Comment piece: the attempted suicides of Stephen Fry and Paris Jackson
Following on from the news about the attempted suicides of Stephen Fry and Paris Jackson, please find below a comment piece from Samaritans. It reminds people that suicide is a complex issue and urges anyone who needs to talk to contact Samaritans' helpline.
Catherine Johnstone, Chief Executive of Samaritans, said:
"Sometimes people get to a point where they feel they can’t cope, where it all gets too much to handle. They can feel worthless, trapped in their situation with no way out, and that the future holds nothing good for them.
"Sometimes it’s hard to talk to family or friends. People don’t want to burden those close to them, or they can feel ashamed or struggle to ask for help. During a crisis, talking to Samaritans may help people to feel calmer and get through that moment. Talking can help a person to see their situation in a different light and find help them to find a way forward.
“Samaritans can be contacted by phone, email or text round the clock, every single day of the year. Our volunteers are ordinary people and they provide a safe place to talk. Calls are completely confidential. When people contact us, they can be themselves - we won’t judge them.”
If you are worried about someone do try and talk to them about how they are feeling. Some things to look out for in others are:
- Being irritable or nervous.
- A change in routine, such as sleeping or eating less than normal.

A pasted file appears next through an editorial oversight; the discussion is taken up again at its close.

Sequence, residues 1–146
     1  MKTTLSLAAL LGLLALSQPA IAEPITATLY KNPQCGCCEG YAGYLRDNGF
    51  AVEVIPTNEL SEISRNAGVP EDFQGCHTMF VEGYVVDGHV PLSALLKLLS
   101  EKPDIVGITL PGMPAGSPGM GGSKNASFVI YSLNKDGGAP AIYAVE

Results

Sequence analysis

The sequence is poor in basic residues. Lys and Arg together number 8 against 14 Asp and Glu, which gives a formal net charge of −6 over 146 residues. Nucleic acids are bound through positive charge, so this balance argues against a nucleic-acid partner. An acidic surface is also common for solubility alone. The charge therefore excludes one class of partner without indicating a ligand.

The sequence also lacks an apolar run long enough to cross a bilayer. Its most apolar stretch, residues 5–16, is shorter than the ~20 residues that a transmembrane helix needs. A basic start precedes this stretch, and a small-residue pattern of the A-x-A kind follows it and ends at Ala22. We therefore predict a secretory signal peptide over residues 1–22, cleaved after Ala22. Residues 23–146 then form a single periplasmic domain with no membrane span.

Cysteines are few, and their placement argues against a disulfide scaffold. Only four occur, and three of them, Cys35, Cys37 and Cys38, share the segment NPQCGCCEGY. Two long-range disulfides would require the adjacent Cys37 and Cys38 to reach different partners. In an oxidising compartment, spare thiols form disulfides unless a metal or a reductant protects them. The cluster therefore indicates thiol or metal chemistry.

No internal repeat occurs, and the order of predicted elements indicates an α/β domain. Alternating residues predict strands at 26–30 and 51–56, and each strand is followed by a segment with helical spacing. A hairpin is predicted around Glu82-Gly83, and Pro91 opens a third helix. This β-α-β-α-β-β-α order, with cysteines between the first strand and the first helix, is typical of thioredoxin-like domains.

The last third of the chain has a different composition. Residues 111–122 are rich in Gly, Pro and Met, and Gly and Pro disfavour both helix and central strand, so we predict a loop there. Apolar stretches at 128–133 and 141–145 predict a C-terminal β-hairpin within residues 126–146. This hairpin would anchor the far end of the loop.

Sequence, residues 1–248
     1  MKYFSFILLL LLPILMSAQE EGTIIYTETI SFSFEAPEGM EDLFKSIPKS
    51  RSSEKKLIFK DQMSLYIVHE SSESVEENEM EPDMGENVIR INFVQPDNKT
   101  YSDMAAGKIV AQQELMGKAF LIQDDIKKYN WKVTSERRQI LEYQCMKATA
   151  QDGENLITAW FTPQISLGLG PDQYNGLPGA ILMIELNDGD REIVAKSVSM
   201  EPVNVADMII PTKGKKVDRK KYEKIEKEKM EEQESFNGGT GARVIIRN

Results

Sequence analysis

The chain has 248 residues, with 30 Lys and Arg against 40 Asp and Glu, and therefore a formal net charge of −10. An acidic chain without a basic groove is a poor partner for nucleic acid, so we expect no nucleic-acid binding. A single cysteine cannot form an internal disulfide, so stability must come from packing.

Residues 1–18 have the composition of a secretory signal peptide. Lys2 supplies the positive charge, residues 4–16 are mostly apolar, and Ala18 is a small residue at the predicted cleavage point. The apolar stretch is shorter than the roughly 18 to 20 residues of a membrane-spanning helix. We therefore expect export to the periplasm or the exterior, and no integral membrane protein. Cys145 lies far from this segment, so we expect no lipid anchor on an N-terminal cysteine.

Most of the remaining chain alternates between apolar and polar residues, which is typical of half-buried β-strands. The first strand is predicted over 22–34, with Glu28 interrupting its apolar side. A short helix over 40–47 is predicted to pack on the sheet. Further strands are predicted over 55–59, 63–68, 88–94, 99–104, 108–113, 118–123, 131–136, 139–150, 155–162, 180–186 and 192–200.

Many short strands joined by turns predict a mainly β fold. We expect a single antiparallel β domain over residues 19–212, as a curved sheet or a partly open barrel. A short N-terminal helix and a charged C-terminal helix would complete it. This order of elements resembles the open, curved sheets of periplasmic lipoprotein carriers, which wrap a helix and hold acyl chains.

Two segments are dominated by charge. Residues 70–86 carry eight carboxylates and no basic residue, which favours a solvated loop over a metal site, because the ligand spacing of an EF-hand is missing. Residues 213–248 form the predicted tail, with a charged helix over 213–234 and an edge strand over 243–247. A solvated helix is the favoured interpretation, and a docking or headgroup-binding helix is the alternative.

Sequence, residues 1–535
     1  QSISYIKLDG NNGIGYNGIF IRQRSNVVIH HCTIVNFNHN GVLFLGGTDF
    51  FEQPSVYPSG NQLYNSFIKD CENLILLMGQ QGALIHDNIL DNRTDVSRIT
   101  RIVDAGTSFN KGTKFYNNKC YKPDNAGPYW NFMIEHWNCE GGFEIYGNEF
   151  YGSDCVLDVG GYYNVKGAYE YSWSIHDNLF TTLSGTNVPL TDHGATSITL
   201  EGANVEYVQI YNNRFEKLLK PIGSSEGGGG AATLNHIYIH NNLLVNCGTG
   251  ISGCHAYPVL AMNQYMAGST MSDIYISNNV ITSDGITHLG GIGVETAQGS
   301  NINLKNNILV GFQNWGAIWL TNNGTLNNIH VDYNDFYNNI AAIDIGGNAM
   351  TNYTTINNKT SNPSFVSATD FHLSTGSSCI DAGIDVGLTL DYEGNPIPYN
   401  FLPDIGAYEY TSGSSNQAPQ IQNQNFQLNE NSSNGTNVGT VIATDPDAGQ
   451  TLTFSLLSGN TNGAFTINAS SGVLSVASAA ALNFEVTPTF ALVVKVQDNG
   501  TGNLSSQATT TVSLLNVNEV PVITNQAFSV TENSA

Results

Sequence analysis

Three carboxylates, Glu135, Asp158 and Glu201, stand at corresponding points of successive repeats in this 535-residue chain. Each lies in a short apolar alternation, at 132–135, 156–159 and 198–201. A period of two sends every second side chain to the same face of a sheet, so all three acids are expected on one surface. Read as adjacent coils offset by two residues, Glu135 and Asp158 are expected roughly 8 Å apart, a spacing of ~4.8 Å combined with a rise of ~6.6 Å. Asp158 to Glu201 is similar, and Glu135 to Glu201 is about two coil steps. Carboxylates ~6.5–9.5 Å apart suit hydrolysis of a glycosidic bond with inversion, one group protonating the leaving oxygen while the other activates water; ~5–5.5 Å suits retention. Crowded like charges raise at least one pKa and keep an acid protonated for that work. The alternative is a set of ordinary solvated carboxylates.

- Drinking, smoking or using drugs more than usual.
- Being un-typically clumsy or accident prone.
- Becoming withdrawn or losing touch with friends and family.
- Losing interest in their appearance. For example dressing badly, no longer wearing make-up, not washing regularly.
- Making leading statements, such as 'You wouldn't believe what I've been through' or 'It’s like the whole world is against me'. People sometimes say these things in the hope you will ask what they mean, so that they can talk about it.
- Putting themselves down in a serious or jokey way, for example 'Oh, no one loves me', or 'I'm a waste of space' "
Polite reminder to the Press
There is strong evidence suggesting that imitational suicides can occur as a result of extensive media coverage and if the reporting of the suicide method is detailed or sensationalised.
Please bear in mind Samaritans' media guidelines for the reporting of suicide.
There may be higher risk of unintentionally glamorising suicide in the case of celebrities or high profile individuals; therefore we strongly advise the media to follow our guidance.
For further advice on the reporting of this case, please contact Samaritans’ Press Office on: 0208 394 8300 or out-of-hours on 07943 809162.